Chapter 5 Bonus: Coaching Session


Here is the opening scene of a thriller screenplay called “24 Hours.” My main criticism of it is that while it follows the rule that it’s good to get into action quickly, in this case it may be a bit too quickly. Read the scene and the Q & A that follows, then listen to the audio (right).


FRANK GETTY, handsome in a world-weary way, sits at the counter of this traditional small-town diner, having a coffee, staring out the window at the not-very-much that’s going on. The waitress, DEE-DEE, 40ish, blonde highlights, dark roots, plumped lips and generally trying a little too hard, comes up to him, gives him a big smile, and holds up her coffeepot.


More coffee, hun?



As Frank leans back to give her room to refill his cup, she catches a glimpse of his shoulder holster and gun. Her eyes widen, but she tries not to show her fear as she pours his refill—but her hand is shaking a little.


There you go, sweetheart.



Dee Dee calls to TONY, the pudgy older man working behind the counter.


Just going to the little girls’ room, Tony!


Thanks for sharing.

Dee Dee goes off. Tony swaps the nearly-empte sugar dispenser in front of Frank for a full one.


I’m guessing you’re a tourist.


You win the prize.

Tony sees that Frank isn’t in the mood for a chat and moves on.



The waitress spots the gun (and in the next scene calls the police) before we have any time to get to know anything about any of these characters or the situation. Here is part of the question and answer coaching session we went through:

Q: I think the waitress spotting the man’s gun is a good moment for an opening scene because it makes us curious about who he is and what he intends, and it could work even better if it is delayed a bit.

A: OK, but I didn’t want it to be a boring standard coffee shop scene so I got into it right away. What else could happen?

Q: Let’s use the ‘why’ question to explore that. First, let’s consider the characters. Why is the man there?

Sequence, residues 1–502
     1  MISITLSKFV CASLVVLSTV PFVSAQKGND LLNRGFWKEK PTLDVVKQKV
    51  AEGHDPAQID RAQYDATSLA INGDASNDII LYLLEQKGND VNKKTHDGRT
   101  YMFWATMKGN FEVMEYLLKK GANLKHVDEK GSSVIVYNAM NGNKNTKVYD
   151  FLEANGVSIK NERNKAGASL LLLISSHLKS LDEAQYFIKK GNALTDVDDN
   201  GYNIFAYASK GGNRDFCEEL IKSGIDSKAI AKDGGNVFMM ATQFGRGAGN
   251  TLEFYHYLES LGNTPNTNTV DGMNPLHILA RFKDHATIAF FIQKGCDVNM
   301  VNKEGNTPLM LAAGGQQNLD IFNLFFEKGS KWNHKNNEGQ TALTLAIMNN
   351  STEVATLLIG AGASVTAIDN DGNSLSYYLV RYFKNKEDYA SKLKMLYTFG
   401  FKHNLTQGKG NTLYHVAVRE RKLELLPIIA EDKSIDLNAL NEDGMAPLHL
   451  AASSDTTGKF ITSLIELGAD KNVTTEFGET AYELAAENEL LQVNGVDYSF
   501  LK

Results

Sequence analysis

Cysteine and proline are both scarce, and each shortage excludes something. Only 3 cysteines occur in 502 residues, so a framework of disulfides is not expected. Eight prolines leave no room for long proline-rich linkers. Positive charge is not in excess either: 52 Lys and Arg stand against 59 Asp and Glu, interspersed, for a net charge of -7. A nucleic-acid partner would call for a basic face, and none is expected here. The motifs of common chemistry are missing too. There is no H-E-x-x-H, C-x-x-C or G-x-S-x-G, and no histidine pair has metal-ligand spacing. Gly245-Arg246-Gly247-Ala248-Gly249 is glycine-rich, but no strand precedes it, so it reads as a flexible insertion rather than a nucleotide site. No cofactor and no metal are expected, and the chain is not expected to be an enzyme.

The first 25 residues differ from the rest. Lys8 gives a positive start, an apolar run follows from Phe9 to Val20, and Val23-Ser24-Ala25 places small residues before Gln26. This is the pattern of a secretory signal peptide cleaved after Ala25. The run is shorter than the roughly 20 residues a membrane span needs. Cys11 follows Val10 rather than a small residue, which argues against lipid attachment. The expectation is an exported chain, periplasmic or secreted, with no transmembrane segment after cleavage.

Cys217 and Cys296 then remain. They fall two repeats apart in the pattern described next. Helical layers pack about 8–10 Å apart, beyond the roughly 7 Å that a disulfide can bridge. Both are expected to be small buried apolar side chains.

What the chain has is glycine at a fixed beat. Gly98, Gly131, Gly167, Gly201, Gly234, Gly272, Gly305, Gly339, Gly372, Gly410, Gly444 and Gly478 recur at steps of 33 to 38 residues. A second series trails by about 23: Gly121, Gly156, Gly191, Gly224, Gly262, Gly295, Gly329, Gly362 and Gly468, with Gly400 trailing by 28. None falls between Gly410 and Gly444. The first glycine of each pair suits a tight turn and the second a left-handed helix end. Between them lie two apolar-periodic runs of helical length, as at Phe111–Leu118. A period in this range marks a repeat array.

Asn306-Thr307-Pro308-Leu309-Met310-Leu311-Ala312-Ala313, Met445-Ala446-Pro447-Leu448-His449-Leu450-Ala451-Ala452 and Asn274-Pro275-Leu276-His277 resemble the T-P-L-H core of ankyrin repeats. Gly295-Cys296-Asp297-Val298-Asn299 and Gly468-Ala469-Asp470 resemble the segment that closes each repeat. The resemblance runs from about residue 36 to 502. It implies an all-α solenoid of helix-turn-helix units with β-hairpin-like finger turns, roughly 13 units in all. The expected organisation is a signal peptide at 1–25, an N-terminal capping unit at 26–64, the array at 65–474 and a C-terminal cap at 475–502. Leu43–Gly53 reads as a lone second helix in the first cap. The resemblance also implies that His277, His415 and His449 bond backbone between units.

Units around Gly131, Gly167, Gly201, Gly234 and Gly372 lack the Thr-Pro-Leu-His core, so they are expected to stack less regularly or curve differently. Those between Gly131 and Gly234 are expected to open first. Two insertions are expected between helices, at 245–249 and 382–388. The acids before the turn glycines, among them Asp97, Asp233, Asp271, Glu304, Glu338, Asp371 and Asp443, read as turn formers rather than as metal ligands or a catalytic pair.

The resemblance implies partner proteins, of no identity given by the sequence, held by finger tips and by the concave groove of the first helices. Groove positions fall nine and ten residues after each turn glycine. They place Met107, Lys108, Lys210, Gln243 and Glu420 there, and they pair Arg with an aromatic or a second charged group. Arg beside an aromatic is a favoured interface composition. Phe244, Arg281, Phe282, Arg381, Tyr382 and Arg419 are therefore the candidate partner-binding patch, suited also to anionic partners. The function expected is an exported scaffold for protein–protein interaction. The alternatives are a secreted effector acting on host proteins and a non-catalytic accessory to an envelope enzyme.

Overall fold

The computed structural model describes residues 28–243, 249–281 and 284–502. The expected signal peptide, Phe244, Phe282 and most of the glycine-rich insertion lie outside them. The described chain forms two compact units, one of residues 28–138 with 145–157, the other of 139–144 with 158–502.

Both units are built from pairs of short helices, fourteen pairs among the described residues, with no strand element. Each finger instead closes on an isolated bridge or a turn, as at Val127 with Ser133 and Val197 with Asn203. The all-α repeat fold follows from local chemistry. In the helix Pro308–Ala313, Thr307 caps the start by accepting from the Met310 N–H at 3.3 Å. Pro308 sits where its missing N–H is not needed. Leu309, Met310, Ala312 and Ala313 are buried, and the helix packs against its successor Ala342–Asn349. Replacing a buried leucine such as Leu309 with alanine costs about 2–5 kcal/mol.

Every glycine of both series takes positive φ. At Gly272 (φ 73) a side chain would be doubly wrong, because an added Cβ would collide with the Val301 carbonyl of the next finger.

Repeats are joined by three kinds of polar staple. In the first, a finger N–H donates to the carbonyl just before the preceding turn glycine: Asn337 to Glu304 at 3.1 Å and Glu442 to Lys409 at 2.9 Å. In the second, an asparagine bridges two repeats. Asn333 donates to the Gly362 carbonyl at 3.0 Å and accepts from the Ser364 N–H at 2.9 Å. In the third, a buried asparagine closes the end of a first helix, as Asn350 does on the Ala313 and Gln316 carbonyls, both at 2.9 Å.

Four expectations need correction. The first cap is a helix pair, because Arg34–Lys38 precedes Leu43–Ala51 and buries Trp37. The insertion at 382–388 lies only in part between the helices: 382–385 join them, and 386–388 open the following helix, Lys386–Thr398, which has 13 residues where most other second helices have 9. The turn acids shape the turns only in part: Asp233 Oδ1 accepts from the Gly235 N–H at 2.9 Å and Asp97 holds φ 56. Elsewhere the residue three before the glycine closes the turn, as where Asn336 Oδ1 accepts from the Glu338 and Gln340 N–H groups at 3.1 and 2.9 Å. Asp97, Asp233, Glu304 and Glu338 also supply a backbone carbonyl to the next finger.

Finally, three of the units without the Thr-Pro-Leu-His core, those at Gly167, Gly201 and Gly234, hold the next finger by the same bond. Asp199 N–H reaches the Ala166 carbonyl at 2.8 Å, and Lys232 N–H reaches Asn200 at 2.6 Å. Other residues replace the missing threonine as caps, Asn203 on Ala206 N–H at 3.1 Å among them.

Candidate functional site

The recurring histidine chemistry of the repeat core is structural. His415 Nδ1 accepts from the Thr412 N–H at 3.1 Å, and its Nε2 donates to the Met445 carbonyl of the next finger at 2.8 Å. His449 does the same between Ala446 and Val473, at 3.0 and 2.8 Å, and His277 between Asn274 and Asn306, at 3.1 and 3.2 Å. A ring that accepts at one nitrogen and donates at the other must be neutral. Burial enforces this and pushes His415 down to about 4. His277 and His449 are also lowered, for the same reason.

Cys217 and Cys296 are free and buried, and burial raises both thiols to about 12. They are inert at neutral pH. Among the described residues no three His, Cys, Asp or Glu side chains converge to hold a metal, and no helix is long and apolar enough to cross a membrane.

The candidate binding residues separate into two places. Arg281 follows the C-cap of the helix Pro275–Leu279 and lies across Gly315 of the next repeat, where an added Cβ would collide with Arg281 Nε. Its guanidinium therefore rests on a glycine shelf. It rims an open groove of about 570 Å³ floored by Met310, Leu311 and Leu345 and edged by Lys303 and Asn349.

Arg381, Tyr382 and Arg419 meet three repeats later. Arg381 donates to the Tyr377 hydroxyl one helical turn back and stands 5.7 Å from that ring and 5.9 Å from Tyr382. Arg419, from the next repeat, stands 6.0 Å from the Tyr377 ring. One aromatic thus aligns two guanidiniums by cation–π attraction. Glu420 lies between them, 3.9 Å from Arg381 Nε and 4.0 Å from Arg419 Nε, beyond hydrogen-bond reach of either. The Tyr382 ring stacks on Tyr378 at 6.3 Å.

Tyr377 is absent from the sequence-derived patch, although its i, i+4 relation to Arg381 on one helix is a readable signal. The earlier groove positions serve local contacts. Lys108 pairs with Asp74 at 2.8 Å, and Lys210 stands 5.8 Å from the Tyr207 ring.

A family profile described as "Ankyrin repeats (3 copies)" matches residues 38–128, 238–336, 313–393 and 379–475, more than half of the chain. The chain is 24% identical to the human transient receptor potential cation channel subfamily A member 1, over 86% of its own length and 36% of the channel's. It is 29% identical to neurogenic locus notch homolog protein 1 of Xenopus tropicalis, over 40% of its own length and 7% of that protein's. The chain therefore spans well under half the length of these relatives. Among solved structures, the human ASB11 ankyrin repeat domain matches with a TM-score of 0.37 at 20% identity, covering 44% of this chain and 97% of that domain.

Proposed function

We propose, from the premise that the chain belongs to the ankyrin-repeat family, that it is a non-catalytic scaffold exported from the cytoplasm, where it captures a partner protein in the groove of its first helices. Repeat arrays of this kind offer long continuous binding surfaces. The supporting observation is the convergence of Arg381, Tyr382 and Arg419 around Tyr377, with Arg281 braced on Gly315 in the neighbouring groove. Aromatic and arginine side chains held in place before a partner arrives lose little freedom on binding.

A: He’s a New York City detective who has shot someone and is waiting out a routine investigation, so he went to this little town in upstate New York.

Q: Why?

A: He wanted to get away from his usual surroundings, to think about his life. This is the first time he’s actually killed anybody and it has shaken him up. He’s even thinking about quitting his job and getting out of the madness of the big city.

Q: OK, so what kinds of things might he be doing or talking about in the coffee shop?

A: Well, initially I thought he’d just want to be left alone, but actually since he might be thinking about relocating to a quiet town like this, so he might ask the counter guy what it’s like.

Q: Good. And the waitress, why is she there?

A: She works there because there are not a lot of jobs in town. She’s saving up her money.

Q: Why?

A: She’s going to enter an “American Idol” type singing competition and needs the money to finance her stay in New York for the audition.

Q: Why does she want to be on that kind of a show?

A: She’s convinced that she’s really a star, like a lot of people. Actually, she’s not that talented, but if she gives up that dream, there’s not a lot left for her to live for.

Q: Good. So what might she be doing in this scene?

A: Well, she’s going to be singing at a local hotel lounge soon, so she might be learning her lyrics while on the job, or something like that.

Q: Excellent. What about the guy behind the counter, Tony?

A: This place is his whole world. And he kind of has a thing for the waitress, but he’s married and has never put the moves on her.

Q: So that tells us something about how he might relate to her when she’s maybe not focused on her job as much as she should be. Do you see how these whys point us in certain directions in terms of the scene? To little things that can enrich it without making it much longer?

A: Yes, that’s good.

Q: I have one more question: I think normally when a police officer is suspended pending an investigation, they take his or her service revolver. Why does he still have a gun?

A: It’s an extra gun he has. Strictly speaking, he shouldn’t be carrying it, but he feels uncomfortable without it.

Q: Good. That won’t come out in this opening scene, but it’s probably going to be important somewhere along the line. Do you think you have enough more information now to get back to work?

A: Yes, I’m ready to start rewriting!

Note: Check the news section on this site for information about upcoming writing workshops in which we cover these kinds of strategies in depth. Also, New tips on screenwriting will appear on regular basis on the Top Tips: Screenwriting page.





“With compassion, wit and the wisdom from a long successful writing career, Jurgen Wolff guides you step by step, on the inner and outer journey to writing success.”

— Robert Cochran, co-creator and Executive Producer, ’24’

“Highly recommended. Your Writing Coach pays as much attention to writers as to what they write and should help seasoned pros as much as it will help beginners.”

— Julian Friedmann, agent and editor, Scriptwriter Magazine.

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